Heavy oil contains not only carbon—it’s also an extremely rich source of hydrogen. Hydrogen is an emissions-free form of energy that can be used to fuel vehicles or power electricity. Until now, extracting hydrogen from hydrocarbons was not considered economic. But researchers at the University of Calgary’s Global Research Initiative (GRI) in Sustainable Low Carbon Unconventional Resources have developed a technique that could unlock this clean energy source from the oil sands.
“If you can get hydrogen from both hydrocarbons and water, you have a massive hydrogen storage system underground—one that provides another potential energy future for oil reservoirs,” says Ian Gates, the GRI’s director and a professor at the Schulich School of Engineering.
Six years ago, Gates and research associate Jackie Wang discovered that heavy oil reservoirs, under certain conditions, could generate large amounts of hydrogen. As they experimented in the laboratory, they focused on a process called in situ combustion.
Under this process, oxygen-rich air is injected into the underground reservoir. This causes the bitumen or heavy oil to combine with oxygen, a chemical reaction (called oxidation) that generates heat. The resulting in-reservoir high temperatures set off another series of reactions which, among other things, turns hydrocarbon molecules into carbon oxides that are left in the reservoir, and hydrogen gas that can be collected at the wellhead.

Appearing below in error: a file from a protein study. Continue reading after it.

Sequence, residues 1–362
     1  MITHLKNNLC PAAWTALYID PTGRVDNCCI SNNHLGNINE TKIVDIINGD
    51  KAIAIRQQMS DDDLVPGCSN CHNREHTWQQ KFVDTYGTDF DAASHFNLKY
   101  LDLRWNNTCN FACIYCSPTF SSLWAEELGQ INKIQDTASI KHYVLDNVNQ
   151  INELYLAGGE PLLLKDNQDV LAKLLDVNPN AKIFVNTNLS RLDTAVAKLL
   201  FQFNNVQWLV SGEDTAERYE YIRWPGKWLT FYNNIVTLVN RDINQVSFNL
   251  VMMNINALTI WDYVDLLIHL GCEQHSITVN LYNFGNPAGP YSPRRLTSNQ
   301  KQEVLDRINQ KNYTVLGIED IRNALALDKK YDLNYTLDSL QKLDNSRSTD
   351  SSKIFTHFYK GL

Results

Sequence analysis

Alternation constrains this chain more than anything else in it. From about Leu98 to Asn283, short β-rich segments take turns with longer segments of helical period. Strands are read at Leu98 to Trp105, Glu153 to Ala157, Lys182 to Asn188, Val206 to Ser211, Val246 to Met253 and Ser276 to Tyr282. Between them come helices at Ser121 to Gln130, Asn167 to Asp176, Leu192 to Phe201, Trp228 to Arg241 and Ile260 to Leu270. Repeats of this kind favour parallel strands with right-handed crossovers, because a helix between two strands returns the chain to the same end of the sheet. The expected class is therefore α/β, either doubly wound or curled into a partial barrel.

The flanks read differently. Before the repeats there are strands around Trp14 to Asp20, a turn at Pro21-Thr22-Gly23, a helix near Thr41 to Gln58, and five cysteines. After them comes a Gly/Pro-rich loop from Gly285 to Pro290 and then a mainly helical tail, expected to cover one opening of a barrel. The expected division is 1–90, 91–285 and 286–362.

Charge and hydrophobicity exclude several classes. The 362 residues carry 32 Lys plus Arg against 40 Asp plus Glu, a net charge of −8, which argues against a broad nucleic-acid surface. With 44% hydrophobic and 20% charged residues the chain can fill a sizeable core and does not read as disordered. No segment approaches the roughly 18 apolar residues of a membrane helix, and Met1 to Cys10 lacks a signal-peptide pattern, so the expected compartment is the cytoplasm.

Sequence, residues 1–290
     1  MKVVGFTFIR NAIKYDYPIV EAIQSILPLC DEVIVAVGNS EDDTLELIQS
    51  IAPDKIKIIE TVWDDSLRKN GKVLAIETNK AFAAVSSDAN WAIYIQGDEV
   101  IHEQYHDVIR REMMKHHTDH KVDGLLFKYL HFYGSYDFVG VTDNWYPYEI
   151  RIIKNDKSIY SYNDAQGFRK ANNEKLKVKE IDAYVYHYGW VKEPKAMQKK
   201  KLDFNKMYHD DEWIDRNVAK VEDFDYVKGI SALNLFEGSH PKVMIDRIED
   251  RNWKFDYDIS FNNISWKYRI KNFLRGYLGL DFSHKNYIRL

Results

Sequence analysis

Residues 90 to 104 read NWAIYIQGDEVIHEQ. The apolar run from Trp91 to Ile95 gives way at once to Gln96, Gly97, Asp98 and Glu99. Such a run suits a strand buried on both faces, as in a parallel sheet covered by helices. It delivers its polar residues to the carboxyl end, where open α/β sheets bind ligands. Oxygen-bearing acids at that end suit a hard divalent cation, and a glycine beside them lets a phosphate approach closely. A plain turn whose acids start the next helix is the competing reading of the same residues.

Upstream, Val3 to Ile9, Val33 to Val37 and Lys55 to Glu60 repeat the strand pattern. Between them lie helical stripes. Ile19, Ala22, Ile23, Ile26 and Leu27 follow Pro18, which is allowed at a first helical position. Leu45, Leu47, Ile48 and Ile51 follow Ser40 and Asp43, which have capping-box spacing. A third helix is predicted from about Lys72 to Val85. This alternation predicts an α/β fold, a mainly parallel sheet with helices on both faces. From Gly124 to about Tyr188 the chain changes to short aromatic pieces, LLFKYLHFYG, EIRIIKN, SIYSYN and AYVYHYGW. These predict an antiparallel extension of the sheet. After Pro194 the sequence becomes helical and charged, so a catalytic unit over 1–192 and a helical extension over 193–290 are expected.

To advance their approach, the University of Calgary researchers approached Proton Technologies in 2016. Proton is a Calgary-based cleantech start-up. Together, they’ve designed and fabricated a specialized membrane, called a hygenerator, to filter pure hydrogen from the gas stream at the surface. To evaluate their technology, they ran simulations mimicking conditions found in the field. The results showed the membrane could function under high temperatures and pressures to remove pure hydrogen while leaving carbon in the apparatus.
In early 2018, the researchers helped Proton conduct a pilot at a demonstration facility owned by the company near Kerrobert, Saskatchewan.
“Everything we learned from our lab tests was proven. The pilot was able to produce a beautiful blue hydrogen flame,” Wang says.
Building on this success, Proton is now planning a larger demonstration project for the site in 2021. The new production well will be drilled in October 2020. If this is successful, the technology could be commercially applied to extract hydrogen from heavy oil and oil sands reservoirs, as well as even declining oilfields, where large quantities of hydrocarbons that are otherwise uneconomical to recover, remain. In each case, a production well would collect the hydrogen and direct it to surface for removal and storage.
Gates and Wang are hopeful the technology could provide an important new opportunity for industry.
“This could open another door. If this technology is realized commercially, Alberta and Western Canada could produce a lot of clean hydrogen energy. This process could turn even low-grade reservoirs to tremendous value,” Wang says.